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Host utilization, reproductive biology, and development of the larval parasitoid Tetrastichus planipennisi as influenced by temperature: Implications for biological control of the emerald ash borer in North America

Duan, Jian J., Schmude, Jonathan M., Wang, Xiao-Yi, Watt, Timothy J., Bauer, Leah S.
Biological control 2018 v.125 pp. 50-56
Agrilus planipennis, Tetrastichus planipennisi, adults, autumn, biological control, cold zones, eggs, endoparasitoids, fecundity, larvae, longevity, parasitism, rearing, spring, summer, temperature, Canada, United States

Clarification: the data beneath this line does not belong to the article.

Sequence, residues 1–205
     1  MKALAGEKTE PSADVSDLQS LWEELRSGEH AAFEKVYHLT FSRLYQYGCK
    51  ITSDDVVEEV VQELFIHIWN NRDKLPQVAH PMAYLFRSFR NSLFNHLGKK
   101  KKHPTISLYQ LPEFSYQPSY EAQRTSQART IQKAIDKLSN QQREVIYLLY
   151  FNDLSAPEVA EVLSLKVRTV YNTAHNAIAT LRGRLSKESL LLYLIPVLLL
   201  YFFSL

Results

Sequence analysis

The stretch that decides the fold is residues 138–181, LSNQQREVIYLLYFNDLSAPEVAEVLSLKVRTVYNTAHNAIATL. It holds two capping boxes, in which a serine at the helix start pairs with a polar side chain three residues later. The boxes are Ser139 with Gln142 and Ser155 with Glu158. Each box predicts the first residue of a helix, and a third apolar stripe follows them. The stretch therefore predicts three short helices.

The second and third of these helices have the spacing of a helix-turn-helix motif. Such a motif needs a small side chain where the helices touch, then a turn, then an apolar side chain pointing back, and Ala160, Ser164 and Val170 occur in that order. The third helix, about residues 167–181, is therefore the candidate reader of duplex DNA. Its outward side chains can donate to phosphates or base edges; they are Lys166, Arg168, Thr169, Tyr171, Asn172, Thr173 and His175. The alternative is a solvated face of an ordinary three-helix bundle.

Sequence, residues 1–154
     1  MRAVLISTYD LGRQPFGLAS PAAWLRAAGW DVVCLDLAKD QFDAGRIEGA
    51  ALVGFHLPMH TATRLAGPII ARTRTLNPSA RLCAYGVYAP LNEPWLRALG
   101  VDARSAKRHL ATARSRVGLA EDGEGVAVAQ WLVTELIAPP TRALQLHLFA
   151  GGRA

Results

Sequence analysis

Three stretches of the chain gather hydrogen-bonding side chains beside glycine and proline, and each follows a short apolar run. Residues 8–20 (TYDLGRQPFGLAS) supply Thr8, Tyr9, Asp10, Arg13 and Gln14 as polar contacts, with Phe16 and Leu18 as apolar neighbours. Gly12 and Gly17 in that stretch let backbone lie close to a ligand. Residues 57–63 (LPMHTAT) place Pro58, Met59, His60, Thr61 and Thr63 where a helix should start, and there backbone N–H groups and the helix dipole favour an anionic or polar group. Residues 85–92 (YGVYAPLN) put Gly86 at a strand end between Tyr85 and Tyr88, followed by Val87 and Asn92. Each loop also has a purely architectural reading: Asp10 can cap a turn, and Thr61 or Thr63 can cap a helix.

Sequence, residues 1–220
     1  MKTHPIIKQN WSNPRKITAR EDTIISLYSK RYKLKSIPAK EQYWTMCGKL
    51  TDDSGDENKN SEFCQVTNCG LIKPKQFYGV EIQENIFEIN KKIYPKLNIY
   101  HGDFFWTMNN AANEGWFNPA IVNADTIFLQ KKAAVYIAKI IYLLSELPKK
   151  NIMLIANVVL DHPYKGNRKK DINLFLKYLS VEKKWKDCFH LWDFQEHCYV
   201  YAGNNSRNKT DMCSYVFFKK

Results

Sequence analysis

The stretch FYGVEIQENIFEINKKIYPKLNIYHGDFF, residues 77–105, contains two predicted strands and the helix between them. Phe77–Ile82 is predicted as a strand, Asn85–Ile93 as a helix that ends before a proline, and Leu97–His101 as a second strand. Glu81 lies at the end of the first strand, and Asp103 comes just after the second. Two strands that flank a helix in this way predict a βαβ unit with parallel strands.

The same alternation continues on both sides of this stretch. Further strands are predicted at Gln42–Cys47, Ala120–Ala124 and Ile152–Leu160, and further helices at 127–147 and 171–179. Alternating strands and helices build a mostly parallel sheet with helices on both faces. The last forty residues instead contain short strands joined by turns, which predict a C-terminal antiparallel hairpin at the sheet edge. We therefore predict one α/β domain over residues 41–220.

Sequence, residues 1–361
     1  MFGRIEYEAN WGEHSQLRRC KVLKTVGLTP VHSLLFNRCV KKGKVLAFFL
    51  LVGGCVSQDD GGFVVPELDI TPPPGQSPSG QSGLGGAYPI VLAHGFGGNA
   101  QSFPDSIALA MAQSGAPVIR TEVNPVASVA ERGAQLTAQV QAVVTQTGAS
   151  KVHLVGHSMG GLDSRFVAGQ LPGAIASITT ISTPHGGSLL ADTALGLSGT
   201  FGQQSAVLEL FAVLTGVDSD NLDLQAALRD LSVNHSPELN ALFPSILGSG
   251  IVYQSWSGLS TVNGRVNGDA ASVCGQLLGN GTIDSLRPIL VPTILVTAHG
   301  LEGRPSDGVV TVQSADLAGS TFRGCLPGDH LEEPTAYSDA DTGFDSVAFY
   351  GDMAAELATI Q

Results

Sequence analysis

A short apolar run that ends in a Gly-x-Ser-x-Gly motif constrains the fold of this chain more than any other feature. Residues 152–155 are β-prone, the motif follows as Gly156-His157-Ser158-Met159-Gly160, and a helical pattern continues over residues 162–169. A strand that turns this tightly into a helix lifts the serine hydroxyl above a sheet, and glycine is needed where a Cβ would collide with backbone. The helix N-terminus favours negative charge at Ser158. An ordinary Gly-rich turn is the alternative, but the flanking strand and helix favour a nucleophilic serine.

The success of classical biological control programs depends in part on understanding climate effects on introduced agents. Tetrastichus planipennisi Yang (Hymenoptera: Eulophidae), a larval endoparasitoid of emerald ash borer (EAB), Agrilus planipennis Fairmaire (Coleoptera: Buprestidae), is being introduced to EAB-invaded regions of the United States (USA) and Canada for biological control. To optimize regional release strategies and increase efficiency of the EAB-biocontrol program, we determined the effects of five constant temperatures from 15 °C to 35 °C on T. planipennisi parasitism rate, development, adult longevity, and fecundity in EAB. Results showed a decrease in parasitoid development time from 139.8 days at 15 °C to 26.3 days at 30 °C, while no parasitoid eggs hatched at 35 °C. Parasitism rates, provisioned with an excess of host larvae throughout their life, increased from 1.4% at 15 °C to 28% at 30 °C then declined to 0.5% at 35 °C. Adult parasitoid longevity declined from 24 weeks at 15 °C to <2 weeks at 35 °C. Fertility table analyses revealed T. planipennisi net reproductive rate was highest at 25 °C, and intrinsic and finite rates of increase were highest at 30 °C, suggesting 25–30 °C as optimal rearing temperatures for this parasitoid. Combining these results with temperature data from climate zones of 3–7 in the USA, we predicted T. planipennisi can complete more than one generation in all locations in these climatic zones, with more generations in warmer climates. Moreover, our findings also suggest that despite the availability of suitable EAB larval stages for parasitism, releases of T. planipennisi in early spring or late fall in cold climate zones may be suboptimal due to low temperatures, as may mid-summer releases in hot climate zones due to high temperatures.